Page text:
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  cap badgePrivate William John McKeown

1st Battalion Black Watch (Royal Highlanders)
Service No: 3/2510

William John McKeown grave





Personal details

Family Information

Son of John and Catherine McKeown. William was the youngest of the 3 brothers who fell. Private James McKeown of the 1/6th North Staffordshire Regiment was Killed in Action on the 03/10/1918 and Private Francis McKeown died in a London Hospital on the 21/02/1919. He is NOT listed on the Coatbridge Memorial. Another brother Lance Corporal Andrew McKeown (6488) of the Argyll and Sutherland Highlanders survived the war. From the 1901 Census - Address - 16 F3 East Stewart St, Coatbridge - John McKeown aged 35, Catherine McKeown aged 34, James McKeown aged 11, Francis McKeown aged 6, William J McKeown aged 4, boarders Michael McSherry aged 39, Stephen McSherry aged 14, Michael McSherry aged 12. William's Pension was awarded to his mother Catherine.

Born / Resided

Coatbridge / 319 Main St, Coatbridge


Killed in Action on the 09/05/1915 near Rue de Bois, Richebourg on the opening day of the Battle of Aubers


Edinburgh 1914


Labourer in the Clyde Tube Works


28 / DOB - 18/03/1897

Buried / Remembered

Le Touret Memorial (Panels 24 to 26), Pas de Calais, France

Cemetery / Memorial Information

The Le Touret Memorial commemorates over 13,400 British soldiers who were killed in this sector of the Western Front from the beginning of October 1914 to the eve of the Battle of Loos in late September 1915 and who have no known grave. Almost all of the men commemorated on the Memorial served with regular or territorial regiments from across the United Kingdom and were killed in actions that took place along a section of the front line that stretched from Estaires in the north to Grenay in the south. This part of the Western Front was the scene of some of the heaviest fighting of the first year of the war, including the battles of La Bassée (10 October – 2 November 1914), Neuve Chapelle (10 – 12 March 1915), Aubers Ridge (9 – 10 May 1915), and Festubert (15 – 25 May 1915). Soldiers serving with Indian and Canadian units who were killed in this sector in 1914 and 1915 whose remains were never identified are commemorated on the Neuve Chapelle and Vimy memorials, while those who fell during the northern pincer attack at the Battle of Aubers Ridge are commemorated on the Ploegsteert Memorial.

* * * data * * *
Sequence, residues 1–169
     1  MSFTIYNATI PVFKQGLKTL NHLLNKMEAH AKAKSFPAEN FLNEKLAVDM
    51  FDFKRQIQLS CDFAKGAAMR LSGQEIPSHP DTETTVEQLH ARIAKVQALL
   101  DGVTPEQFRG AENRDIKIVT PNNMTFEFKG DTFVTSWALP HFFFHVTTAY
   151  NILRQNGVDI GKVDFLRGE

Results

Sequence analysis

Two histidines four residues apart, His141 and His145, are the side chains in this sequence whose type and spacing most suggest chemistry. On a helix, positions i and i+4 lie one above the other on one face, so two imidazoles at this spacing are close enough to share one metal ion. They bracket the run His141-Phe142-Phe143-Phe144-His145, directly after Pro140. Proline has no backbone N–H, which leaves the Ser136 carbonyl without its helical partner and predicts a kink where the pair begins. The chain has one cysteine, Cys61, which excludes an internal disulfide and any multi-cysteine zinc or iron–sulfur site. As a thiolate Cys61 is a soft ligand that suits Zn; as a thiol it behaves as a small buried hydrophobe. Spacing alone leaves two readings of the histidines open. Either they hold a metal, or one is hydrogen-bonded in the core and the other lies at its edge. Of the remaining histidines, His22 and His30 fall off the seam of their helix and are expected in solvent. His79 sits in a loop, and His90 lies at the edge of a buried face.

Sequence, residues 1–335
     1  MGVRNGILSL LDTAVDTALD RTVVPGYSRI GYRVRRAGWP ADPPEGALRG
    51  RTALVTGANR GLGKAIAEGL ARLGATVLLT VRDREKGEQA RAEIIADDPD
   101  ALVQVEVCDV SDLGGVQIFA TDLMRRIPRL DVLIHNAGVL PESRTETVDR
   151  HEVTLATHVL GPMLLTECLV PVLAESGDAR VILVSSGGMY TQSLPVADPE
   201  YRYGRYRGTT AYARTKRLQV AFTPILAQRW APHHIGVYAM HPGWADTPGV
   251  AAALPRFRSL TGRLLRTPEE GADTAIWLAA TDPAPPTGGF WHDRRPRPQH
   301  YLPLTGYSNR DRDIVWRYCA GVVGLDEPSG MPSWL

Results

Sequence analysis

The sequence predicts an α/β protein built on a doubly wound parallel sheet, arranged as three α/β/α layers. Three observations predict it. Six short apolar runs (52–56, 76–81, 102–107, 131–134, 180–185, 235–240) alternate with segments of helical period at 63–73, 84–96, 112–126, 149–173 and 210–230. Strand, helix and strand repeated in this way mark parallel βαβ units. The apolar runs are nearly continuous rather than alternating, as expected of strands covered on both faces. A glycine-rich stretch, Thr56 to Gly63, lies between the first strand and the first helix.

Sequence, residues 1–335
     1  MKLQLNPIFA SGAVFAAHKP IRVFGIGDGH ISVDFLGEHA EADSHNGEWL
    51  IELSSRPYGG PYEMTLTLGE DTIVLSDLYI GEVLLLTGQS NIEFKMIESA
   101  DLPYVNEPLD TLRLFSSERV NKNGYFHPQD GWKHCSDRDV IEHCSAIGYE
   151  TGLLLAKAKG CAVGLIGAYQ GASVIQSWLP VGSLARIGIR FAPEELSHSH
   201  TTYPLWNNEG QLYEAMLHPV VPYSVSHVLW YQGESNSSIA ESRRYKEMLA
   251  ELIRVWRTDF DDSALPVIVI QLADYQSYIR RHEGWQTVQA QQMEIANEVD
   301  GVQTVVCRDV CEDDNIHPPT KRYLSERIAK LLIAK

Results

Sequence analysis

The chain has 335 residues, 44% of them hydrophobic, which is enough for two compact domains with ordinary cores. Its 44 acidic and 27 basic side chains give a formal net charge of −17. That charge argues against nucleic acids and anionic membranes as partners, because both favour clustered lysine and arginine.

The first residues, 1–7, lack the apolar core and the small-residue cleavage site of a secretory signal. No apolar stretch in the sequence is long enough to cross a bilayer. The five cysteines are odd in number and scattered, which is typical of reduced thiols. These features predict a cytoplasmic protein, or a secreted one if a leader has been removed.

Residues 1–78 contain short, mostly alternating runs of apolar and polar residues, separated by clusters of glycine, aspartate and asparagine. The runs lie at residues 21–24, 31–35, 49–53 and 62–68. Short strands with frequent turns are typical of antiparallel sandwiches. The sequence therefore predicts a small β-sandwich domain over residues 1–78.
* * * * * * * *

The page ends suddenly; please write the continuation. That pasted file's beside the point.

Additional Information

The Battalion arrived at Le Havre on the 14/08/1914 and were part of the 1st Brigade, 1st Division. William arrived in France on the 07/11/1914. William was Killed in Action on the opening day of the unsuccessful British offensive at Aubers on the 9th - 10th May 1915 : A disastrous attack that cost 11,000 British casualties for no material gain : it was a minor supporting operation to a much larger French attack in an action known as the Second Battle of Artois. The Battle : The Southern attack was to be made in easterly direction by the 1st and Meerut Divisions, on a 2400-yard front between Chocolat Menier Corner and Port Arthur (1st Division would have an attack frontage of 1600 yards; Meerut 800 yards), with the objective Rue du Marais – Lorgies – Ligny le Grand, incorporating La Cliqueterie (a heavily defended German strongpoint). The 2nd Division was moved up into reserve, from the La Bassée canal sector, leaving behind 4th (Guards) Brigade and receiving in exchange the 5th (London) Brigade of the London Division who moved to the canal in their place. At 3.57pm : The leading companies of the 1st Battalion Black Watch, 1st Brigade, brought in to replace the shattered 2nd Brigade, went over the top despite the 1st Battalion Cameron Highlanders being late to arrive and moved at the double across No Man’s Land. Some reached the German breastwork just as the bombardment lifted; most were however killed or captured in the German firing trench although a small party reached the second position. The two lead companies of the Camerons, coming up on the left of the Black Watch a few minutes later, suffered heavy machine-gun casualties in crossing between the front lines. British casualties in the Southern pincer on the 09/05/1915 : 1st Division : 3,968 of which 160 Officers, 7th (Meerut) Division : 2,629 of which 94 Officers, 47th (2nd London) Division : 79 of which 2 Officers, 2nd Division : 20 of which no Officers. Worst infantry casualties in the Southern attack, by Battalion : 1st Battalion Northamptonshire 560, of which 17 Officers, 2nd Battalion Royal Sussex 551, of which 14 Officers, 1st Battalion Seaforth Highlanders 509, of which 21 Officers, 1st BATTALION BLACK WATCH 475, OF WHICH 14 OFFICERS. SEE PHOTOS x 11 FOR THE BATTALION WAR DIARY FROM 1st MAY - 12th MAY 1915. William was formerly with the 1st Battalion Argyll and Sutherland Highlanders (2750). See Directory for William's brother James' page. William and his 2 brothers are also remembered on the St Patrick's Church (book) and Stewarts and Lloyds Rolls of Honour (see photos). See photos for William's Medal Index Card, his Army Register of Soldiers Effects, his Service Medal and Award Rolls, his CWGC Grave Registration, his name on the Le Touret Memorial, his name on the Le Touret Memorial Panel List, William's Pension Records x 2, his previous Regiment the Argyll and Sutherland Highlanders Cap Badge and the Black Watch Cap Badge. Finally, I have the Battalion War Diary from August 1914 - March 1919. If more information is required please contact me.

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War Diaries

The battalion War Diary is available on the National Archives website.

Creative Commons License

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